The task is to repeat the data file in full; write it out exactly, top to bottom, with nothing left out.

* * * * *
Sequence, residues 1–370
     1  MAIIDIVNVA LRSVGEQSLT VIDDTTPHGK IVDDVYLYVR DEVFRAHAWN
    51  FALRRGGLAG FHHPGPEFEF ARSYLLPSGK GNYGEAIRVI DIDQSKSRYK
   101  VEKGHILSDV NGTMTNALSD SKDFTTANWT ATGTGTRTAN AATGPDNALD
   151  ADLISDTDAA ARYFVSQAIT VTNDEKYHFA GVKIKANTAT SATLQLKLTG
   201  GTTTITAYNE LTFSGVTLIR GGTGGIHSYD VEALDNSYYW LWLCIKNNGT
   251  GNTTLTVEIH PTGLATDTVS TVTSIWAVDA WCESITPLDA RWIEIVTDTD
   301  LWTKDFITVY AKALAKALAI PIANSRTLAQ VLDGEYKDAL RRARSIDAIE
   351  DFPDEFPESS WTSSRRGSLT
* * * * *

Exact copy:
Sequence, residues 1–370
     1  MAIIDIVNVA LRSVGEQSLT VIDDTTPHGK IVDDVYLYVR DEVFRAHAWN
    51  FALRRGGLAG FHHPGPEFEF ARSYLLPSGK GNYGEAIRVI DIDQSKSRYK
   101  VEKGHILSDV NGTMTNALSD SKDFTTANWT ATGTGTRTAN AATGPDNALD
   151  ADLISDTDAA ARYFVSQAIT VTNDEKYHFA GVKIKANTAT SATLQLKLTG
   201  GTTTITAYNE LTFSGVTLIR GGTGGIHSYD VEALDNSYYW LWLCIKNNGT
   251  GNTTLTVEIH PTGLATDTVS TVTSIWAVDA WCESITPLDA RWIEIVTDTD
   301  LWTKDFITVY AKALAKALAI PIANSRTLAQ VLDGEYKDAL RRARSIDAIE
   351  DFPDEFPESS WTSSRRGSLT